A recent article in the People’s Vanguard of Davis, scrutinized the Yolo County District Attorney’s Office what appears to be malicious and discriminatory prosecution of a Clarksburg Farmer. This case coupled with the Duke allegations remind us that it was a previous case where we discover the very serious misconduct on the part of Mr. Reisig.
In 1999, a jury found a Woodland man guilty of using a firearm in the commission of an a threat to commit great bodily harm. The man was sentenced to five years in prison but had that sentence suspended and was placed on probation under a variety of conditions including that he serve 250 days in the county jail.
However, the defendant challenged that sentence on the basis that the prosecution knowingly withheld material exculpatory evidence. Mr. Reisig’s defense was that this was inadvertent.
The basic problem was that in this case, the victim never saw a gun when the defendant threatened to shoot her and yet the prosecutors sought a firearm enhancement charge. The jury during the court proceedings twice sent notes to the court concerning the question as to whether the object was actually a firearm (a necessary conditions of this enhancement is that the object actually be a firearm).
One of the key questions that arose after the trial by the jury was whether or not a vehicle had been searched for the gun in question. This only surfaced after the trial in an inadvertent conversation between a juror and Mr Reisig. The juror asked him if the car had ever been searched and Mr. Reisig said that he believed so. The defense attorney came out about the same time and heard that the car had been searched and no gun had been found.
It turns out that the vehicle had indeed be searched and that no gun was found. This information never made it to the jury during the trial. Nor was it given to the defense.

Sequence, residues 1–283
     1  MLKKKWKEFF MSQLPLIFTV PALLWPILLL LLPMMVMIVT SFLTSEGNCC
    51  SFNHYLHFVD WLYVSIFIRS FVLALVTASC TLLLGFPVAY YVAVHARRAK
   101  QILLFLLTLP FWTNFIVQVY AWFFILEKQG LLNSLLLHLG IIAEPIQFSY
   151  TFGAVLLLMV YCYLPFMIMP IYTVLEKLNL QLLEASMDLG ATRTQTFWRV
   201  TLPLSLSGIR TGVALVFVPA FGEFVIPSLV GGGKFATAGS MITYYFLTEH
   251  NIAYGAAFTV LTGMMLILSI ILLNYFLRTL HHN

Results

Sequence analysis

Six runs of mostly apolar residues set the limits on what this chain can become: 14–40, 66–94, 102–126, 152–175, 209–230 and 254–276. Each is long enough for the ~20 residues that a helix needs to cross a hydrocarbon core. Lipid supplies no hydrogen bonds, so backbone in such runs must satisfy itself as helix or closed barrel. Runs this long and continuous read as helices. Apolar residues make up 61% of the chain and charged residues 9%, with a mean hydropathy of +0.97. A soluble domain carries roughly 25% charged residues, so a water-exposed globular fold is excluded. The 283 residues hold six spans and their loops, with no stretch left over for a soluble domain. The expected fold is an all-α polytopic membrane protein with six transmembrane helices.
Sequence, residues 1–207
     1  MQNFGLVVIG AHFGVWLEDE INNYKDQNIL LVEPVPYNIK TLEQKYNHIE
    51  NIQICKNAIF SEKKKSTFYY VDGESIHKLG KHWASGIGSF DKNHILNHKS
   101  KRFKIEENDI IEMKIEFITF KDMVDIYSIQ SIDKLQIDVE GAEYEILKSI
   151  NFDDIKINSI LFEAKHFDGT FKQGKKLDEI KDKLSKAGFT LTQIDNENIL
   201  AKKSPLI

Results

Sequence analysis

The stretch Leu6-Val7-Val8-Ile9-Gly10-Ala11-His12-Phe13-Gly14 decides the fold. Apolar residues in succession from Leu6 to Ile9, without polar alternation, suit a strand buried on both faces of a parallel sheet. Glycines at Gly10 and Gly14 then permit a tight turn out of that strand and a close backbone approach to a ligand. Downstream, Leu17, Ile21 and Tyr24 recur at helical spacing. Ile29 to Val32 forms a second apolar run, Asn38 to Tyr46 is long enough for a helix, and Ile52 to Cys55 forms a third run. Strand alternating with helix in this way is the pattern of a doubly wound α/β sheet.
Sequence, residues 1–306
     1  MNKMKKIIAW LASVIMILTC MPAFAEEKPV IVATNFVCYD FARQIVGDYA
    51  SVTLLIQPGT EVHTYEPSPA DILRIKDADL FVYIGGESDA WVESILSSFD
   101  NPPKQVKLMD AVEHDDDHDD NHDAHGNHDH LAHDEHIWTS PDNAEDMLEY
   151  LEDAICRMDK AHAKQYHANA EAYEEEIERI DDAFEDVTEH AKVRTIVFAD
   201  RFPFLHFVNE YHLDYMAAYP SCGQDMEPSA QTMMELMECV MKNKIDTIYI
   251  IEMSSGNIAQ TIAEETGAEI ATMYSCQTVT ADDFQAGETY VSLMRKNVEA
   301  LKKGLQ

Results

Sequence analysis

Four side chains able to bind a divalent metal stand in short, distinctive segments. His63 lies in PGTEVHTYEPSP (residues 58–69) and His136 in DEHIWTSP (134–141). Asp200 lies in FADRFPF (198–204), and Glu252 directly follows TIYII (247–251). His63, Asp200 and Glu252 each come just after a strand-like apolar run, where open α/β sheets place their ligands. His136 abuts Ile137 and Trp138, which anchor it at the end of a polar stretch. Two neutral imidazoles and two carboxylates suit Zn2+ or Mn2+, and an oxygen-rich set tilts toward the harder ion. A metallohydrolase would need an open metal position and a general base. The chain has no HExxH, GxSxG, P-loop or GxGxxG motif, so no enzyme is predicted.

Based on this new evidence, the defense requested a new trial on the grounds of newly discovered evidence and prosecutorial misconduct–the withholding of exculpatory evidence. The trial judge denied this motion arguing that there was no probability that the jury would have come to a different result “even if this additional information had been presented.”
This decision was appealed and the appellant judge overturned the ruling and the conviction.
According to the law, the prosecution must disclose evidence favorable to the accused regardless of whether or not the defendant specially requests the evidence.
Moreover, the evidence must specifically be material to case–in the sense that its suppression potentially changes the outcome of the trial. In this case, the victim never saw a gun but only an object and at least one of the jurors questioned whether even the current evidence was sufficient to prove to prove that the defendant actually possessed a gun (a necessary condition for the enhancement).
The judge ruled that “the duty to disclose this evidence was the exclusive responsibility of the prosecution…, whose failure to do so violated defendant’s right to due process of law.”
“In sum, the prosecutor violated defendant’s right to due process by failing to disclose to the defense the existence of material exculpatory evidence pertaining to the issue of whether defendant used a firearm while threatening to shoot the victim.”
The judge ordered that the firearm enhancement was to be reversed and a new trial. The prosecution then dropped the firearm charge at the subsequent trial and the defendant was given probation.
Unfortunately, this is just another example of how the Yolo County District Attorney’s office operates and unfortunately this was a case involving the newly elected District Attorney Jeff Reisig.
—Doug Paul Davis reporting